How to use the for…of loop in JavaScript (best practices)

Updated: February 19, 2023 By: Khue Post a comment

This article covers everything you need to know about the for…of loop in JavaScript.


The for…of loop is a useful feature of JavaScript that simplifies the process of iterating over arrays, strings, and other iterable objects, without the need for manual index management.

The syntax:

for (let element of iterable) {
  // do something here

In this syntax, element represents the current element being iterated over, and iterable represents the collection being iterated. The loop will iterate over each element in the collection and execute the code block for each element.

Using for…of loop with arrays

One of the most common use cases for the for…of loop is with arrays.

In the example below, the for…of loop is used to iterate over an array called words and log each word to the console:

const words = ['spray', 'limit', 'elite', 'exuberant', ''];

for (let word of words) {



Using for…of with the “break” keyword

You can use the break keyword with for…of to exit the loop when and where you want.


const arr = [1, 2, 3, 4, 5, 6, 7, 8, 9];
const expectNum = 6;

for (let x of arr) {
  if (x === expectNum) {
    console.log(`${x} is the number we are looking for. Stopping loop`);
  } else {
    console.log(`${x} is NOT the number we are looking for`);


1 is NOT the number we are looking for
2 is NOT the number we are looking for
3 is NOT the number we are looking for
4 is NOT the number we are looking for
5 is NOT the number we are looking for
6 is the number we are looking for. Stopping loop

Using for…of loop with strings

In Javascript, strings are iterable, so the for…of loop works well with them.


const s = 'Sling Academy';
for (let char of s) {



Using the for…of loop with objects

It is possible to use the for…of loop with objects, but there are some limitations. Objects are not iterable by default, but you can make them iterable by defining a Symbol.iterator method on the object.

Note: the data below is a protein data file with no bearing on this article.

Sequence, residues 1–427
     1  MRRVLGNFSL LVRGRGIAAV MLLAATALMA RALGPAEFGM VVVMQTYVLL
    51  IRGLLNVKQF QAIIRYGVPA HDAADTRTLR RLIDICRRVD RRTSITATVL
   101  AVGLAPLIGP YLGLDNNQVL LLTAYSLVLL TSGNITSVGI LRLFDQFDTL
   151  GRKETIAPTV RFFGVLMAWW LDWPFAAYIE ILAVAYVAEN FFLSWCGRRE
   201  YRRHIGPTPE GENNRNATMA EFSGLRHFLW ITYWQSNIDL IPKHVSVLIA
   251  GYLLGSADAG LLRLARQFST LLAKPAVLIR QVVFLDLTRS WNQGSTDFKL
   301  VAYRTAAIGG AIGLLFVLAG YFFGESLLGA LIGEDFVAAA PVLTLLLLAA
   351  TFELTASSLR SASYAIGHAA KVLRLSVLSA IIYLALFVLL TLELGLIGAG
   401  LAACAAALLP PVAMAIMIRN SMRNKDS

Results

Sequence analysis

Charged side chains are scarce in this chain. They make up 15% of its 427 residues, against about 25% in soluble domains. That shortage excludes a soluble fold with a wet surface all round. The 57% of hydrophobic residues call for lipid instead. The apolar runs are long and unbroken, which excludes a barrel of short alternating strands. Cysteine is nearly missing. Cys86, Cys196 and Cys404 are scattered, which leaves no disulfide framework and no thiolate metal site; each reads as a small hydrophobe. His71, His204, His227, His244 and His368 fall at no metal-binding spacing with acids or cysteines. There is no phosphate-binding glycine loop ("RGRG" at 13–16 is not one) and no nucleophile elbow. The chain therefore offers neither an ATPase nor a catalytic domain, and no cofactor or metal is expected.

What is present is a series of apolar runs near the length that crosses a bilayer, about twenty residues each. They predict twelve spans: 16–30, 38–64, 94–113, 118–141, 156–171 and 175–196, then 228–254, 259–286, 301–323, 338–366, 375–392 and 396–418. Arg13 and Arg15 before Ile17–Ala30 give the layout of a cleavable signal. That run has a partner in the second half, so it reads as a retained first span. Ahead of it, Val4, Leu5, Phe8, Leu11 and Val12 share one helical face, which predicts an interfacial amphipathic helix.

const person = {
  name: 'Maidenless',
  email: '[email protected]',
  age: 39,
  location: 'The Lands Between',

// make the object iterable
person[Symbol.iterator] = function* () {
  const keys = Object.keys(this);
  for (let key of keys) {
    yield [key, this[key]];

// use for..of loop to iterate over the object
for (let [key, value] of person) {
  console.log(`${key}: ${value}`);


name: Maidenless
email: [email protected]
age: 39
location: The Lands Between

This is actually a lot more laborious and time-consuming than necessary. Instead, you should use the for…in loop with objects.

Using for…of for Iterating over DOM elements

In the example below, the for…of loop is used to iterate over all DOM elements with a class of button. The loop then adds a click event listener to each button that logs a message to the console when clicked:

const buttons = document.querySelectorAll('.button');

for (let button of buttons) {
  button.addEventListener('click', () => {
    console.log('Button clicked!');

Note that this code only works on web browsers (not Node.js).

Best Practices

Here are some best practices to improve the performance and readability of your code when using the for…of loop:

  • Use the loop with arrays and iterable objects, but be cautious when using it with non-iterable objects.
  • It’s better to declare the loop variable with let to avoid accidentally creating a global variable.
  • Don’t modify the collection while iterating: Modifying the collection being iterated over can lead to unexpected behavior. To avoid this, create a copy of the collection if you need to modify it during the iteration.
  • Use descriptive variable names: Choose descriptive variable names for your loop variables to make your code more readable and understandable.
  • Use the break statement to exit the loop early if it has done its job. This will help reduce computing resource consumption.

That’s it. Happy coding!